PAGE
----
Accidental Invalid

I was accidentally copied on an email the other day, and I had been debating whether it would be better to address this topic directly with the sender, or in public.  I did take it up with the sender, but I think this is a matter worth discussing in public, too.

The substance of the message in question had to do with the fact that I looked “fat in the face,” and suggested that I was a “drama queen” for ever talking about living with a chronic illness.

As if “sick” were an abstract concept instead of my reality.

As if “sick” were an excuse or a distraction.

As if I have ever used “sick” as an excuse in the first place!

As if my reality of periodic courses of steroids, and weird rashes, and injections, and…stuff…is any fun, and I am not horribly self-conscious about it.

I have Rheumatoid Arthritis.  I was diagnosed 8 years ago this Fall.  It is considered moderate-to-severe, and I am a medical marvel; a statistical aberration because my prognosis was not good from the outset.  I take massive amounts of drugs, and submit to an incredible amount of testing, and rigorously follow medical advice.   I take a wholistic approach to managing the disease — I see a nutritionist; I practice yoga; I stay fit; I monitor my sleep and my hydration and every other non-medical metric I can keep an eye on.

This is my reality:

morning regime

It took me a long time to accept this Thing, but I’ve wrapped my head around it now.  I think it’s much harder for the people around me, because I present such a healthy front, and they don’t necessarily see me in the morning when my hands are too stiff to grasp things well.  And they don’t necessarily notice the work-arounds I’ve developed over the years.

I didn’t do anything wrong.  I didn’t ask for this.  I didn’t bring it on myself.  I couldn’t have done anything differently.  I can’t control it.  I do everything I can to mitigate the symptoms, and prevent the flare-ups, and keep it from getting worse.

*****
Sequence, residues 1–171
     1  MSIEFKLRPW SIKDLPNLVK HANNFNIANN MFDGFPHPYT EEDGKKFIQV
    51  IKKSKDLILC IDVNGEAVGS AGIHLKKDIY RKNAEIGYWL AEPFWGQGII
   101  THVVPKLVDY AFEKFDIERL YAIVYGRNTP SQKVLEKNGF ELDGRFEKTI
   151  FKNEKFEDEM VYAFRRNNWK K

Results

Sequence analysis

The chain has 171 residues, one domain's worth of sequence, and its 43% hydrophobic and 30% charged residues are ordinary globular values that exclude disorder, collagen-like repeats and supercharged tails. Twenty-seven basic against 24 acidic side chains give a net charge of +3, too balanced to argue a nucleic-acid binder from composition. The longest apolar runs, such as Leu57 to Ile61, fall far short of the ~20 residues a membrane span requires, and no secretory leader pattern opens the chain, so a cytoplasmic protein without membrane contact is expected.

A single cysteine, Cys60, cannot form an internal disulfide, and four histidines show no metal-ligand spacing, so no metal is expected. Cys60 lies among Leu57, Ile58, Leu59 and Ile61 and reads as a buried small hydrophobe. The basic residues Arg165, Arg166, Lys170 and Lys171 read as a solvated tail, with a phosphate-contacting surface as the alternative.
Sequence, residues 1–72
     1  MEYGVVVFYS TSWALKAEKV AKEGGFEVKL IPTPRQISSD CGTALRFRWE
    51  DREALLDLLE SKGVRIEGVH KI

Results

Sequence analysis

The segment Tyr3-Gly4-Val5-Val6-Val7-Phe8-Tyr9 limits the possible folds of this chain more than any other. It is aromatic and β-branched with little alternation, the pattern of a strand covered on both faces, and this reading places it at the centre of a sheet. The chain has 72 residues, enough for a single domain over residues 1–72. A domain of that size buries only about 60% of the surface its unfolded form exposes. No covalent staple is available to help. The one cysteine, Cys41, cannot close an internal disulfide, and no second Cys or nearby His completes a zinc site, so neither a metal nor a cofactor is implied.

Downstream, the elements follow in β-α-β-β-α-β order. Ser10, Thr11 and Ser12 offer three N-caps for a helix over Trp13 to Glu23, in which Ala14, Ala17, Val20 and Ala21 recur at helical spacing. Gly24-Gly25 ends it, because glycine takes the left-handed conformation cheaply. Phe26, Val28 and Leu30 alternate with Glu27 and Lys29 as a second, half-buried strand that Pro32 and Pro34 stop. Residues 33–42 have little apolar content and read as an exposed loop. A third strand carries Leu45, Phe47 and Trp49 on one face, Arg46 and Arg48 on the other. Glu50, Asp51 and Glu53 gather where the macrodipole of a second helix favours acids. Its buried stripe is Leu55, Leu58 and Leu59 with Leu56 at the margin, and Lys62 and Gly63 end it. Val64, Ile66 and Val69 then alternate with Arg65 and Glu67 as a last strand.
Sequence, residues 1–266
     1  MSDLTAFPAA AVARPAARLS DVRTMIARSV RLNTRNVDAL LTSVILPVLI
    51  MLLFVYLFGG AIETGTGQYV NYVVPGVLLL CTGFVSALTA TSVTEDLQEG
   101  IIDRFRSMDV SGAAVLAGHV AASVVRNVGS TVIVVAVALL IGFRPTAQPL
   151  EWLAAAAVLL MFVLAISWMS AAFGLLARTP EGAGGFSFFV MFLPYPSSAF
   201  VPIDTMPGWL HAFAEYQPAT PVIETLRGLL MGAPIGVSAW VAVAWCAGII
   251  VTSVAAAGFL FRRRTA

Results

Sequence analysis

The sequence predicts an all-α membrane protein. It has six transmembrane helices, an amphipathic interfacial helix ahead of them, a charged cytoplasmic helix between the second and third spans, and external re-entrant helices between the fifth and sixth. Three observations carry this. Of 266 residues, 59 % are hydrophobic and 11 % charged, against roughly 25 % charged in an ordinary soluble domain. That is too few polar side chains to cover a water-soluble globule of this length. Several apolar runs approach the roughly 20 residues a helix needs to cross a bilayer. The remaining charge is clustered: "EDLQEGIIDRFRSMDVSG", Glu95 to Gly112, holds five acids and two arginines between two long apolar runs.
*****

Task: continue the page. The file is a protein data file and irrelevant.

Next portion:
But I don’t have a ton of control.

And sometimes, my joints are stiff.  And sometimes, I am covered in hives.  And sometimes, I’ve had to take medications that have made me sick, and made my hair fall out.  And my legs are covered in marks from the injections I’ve had to give myself so I feel self-conscious in a bathing suit.

However, my life is not yours to judge.  Nor, for that matter, is my puffy face.  We’re all carrying our own burdens, guys.  We would be well served not to make each other’s heavier, and our walks harder.


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  1. I don’t know who you are, but I have EDS and I understand. I wish I could hold your hand or hug you. Wishing you the best and good on you for not letting them bring you down.

  2. A patient came in the other day and showed us a product she uses on her arthritis. It’s Celadrin and it’s a cream. She said she used to get it out of Canada but now see’s it’s for sale on She let me rub some into a very sore thumb joint I have and the pain was gone within a minute or less. Thought it might help you. Marilyn

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